State News

Vermont to receive $4 million in settlement with Google over location tracking practices

Vermont will receive $4 million from a multistate settlement with Google over its location tracking practices related to Google account settings. The settlement also requires Google to be more transparent with consumers about its practices, including giving users detailed information about the types of location data Google collects and how it’s used. The multistate settlement announced today was negotiated by a coalition of 40 attorneys general and totals $391.5 million. It is the largest multistate privacy settlement negotiated by attorneys general in history.

“Vermonters deserve to make informed decisions about how their location data is being tracked,” said Attorney General Susanne Young. “This settlement highlights the importance of protecting consumer privacy and demonstrates that the Attorney General’s Office will continue to hold companies accountable for disregarding the privacy concerns of Vermonters.”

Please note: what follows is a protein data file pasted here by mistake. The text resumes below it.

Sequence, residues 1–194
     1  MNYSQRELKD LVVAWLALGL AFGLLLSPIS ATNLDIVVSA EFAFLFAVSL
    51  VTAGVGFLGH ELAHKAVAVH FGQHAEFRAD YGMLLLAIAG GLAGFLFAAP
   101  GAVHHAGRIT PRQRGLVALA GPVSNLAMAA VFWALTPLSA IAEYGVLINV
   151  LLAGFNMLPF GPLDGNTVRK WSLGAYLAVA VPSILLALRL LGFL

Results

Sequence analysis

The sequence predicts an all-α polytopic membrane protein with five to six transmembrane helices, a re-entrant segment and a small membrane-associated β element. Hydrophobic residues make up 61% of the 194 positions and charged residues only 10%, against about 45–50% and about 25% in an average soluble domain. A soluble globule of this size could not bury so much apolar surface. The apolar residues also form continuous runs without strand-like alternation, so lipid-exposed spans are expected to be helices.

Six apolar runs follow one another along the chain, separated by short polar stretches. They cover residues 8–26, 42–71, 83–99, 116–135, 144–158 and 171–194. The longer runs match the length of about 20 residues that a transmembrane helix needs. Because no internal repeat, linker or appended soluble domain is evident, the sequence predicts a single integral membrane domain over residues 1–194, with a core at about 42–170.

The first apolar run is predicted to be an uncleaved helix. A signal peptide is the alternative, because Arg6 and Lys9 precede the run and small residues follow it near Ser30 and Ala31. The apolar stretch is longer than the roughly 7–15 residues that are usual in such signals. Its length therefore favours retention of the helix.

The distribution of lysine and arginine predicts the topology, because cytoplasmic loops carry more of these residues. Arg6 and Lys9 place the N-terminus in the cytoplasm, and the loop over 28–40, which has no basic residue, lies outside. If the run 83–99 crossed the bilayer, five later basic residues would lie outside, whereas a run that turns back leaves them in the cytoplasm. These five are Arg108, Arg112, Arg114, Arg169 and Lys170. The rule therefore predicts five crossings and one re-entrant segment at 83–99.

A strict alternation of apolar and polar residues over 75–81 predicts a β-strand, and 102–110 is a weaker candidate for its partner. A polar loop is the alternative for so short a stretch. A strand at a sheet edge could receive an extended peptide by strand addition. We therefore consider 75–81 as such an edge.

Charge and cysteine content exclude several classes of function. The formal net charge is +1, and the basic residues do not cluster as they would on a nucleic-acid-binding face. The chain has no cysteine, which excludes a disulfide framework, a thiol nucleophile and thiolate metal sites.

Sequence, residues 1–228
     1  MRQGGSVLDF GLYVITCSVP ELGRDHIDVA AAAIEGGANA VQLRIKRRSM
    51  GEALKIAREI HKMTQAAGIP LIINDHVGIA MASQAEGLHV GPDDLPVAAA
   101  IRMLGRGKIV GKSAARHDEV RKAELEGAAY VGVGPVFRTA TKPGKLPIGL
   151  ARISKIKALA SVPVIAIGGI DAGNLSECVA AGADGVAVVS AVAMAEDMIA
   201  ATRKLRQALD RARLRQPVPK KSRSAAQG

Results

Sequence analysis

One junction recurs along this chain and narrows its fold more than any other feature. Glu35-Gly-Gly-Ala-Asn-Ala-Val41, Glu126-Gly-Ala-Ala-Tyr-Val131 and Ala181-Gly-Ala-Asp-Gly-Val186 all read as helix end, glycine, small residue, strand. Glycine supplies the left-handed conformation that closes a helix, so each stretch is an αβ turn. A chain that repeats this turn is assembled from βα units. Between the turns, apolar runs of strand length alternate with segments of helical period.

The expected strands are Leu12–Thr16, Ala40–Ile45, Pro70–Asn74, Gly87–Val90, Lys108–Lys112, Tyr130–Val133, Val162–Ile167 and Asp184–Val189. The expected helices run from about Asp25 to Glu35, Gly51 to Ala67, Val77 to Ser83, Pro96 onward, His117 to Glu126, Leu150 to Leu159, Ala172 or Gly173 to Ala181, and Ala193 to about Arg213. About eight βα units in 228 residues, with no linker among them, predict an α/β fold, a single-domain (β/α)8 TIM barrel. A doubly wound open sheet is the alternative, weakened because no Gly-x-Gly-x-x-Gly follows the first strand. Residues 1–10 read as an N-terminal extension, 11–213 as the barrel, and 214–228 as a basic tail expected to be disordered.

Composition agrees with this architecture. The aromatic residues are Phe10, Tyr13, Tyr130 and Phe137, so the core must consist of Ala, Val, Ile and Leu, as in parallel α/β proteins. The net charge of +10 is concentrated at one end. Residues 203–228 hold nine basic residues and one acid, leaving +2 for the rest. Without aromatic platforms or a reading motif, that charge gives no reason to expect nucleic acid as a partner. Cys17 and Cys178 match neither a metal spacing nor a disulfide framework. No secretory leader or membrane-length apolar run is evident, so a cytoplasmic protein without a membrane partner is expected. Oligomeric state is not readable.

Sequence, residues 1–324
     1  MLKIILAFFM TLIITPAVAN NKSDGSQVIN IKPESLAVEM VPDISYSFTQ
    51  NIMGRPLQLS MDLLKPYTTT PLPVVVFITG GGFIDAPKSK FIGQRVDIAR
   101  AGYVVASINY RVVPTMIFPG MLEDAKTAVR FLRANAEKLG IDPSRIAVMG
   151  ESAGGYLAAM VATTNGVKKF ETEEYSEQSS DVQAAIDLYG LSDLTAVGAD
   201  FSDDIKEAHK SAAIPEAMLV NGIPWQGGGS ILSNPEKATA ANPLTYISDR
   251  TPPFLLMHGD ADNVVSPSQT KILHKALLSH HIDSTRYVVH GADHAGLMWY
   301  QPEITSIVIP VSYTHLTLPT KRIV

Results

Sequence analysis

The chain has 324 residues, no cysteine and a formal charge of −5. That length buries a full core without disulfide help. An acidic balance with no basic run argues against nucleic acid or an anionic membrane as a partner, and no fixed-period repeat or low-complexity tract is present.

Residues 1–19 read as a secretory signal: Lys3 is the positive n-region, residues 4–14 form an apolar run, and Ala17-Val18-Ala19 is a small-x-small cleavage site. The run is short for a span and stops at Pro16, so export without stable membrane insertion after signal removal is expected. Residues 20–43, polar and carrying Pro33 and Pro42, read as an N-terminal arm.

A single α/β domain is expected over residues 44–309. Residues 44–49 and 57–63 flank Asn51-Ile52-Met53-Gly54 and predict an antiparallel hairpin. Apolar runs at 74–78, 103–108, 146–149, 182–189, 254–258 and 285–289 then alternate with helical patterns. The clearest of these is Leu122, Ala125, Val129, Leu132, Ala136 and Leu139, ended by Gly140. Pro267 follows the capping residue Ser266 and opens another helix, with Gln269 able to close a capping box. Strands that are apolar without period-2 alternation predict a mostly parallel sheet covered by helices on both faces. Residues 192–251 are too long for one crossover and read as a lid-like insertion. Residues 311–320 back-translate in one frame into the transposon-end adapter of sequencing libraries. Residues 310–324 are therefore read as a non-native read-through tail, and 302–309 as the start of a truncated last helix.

Location data is a key part of Google’s digital advertising business. Google uses the personal and behavioral data it collects to build detailed user profiles and target ads on behalf of its advertising customers. Location data is among the most sensitive and valuable personal information Google collects. Even a limited amount of location data can expose a person’s identity and routines and can be used to infer personal details.

The attorneys general opened the Google investigation following a 2018 Associated Press article that revealed Google “records your movements even when you explicitly tell it not to.” The article focused on two Google account settings: Location History and Web & App Activity.

Location History is “off” unless a user turns on the setting, but Web & App Activity, a separate account setting, is automatically “on” when users set up a Google account.

The attorneys general found that Google violated state consumer protection laws by misleading consumers about its location tracking practices since at least 2014. The settlement requires Google to be more transparent with consumers about its practices.

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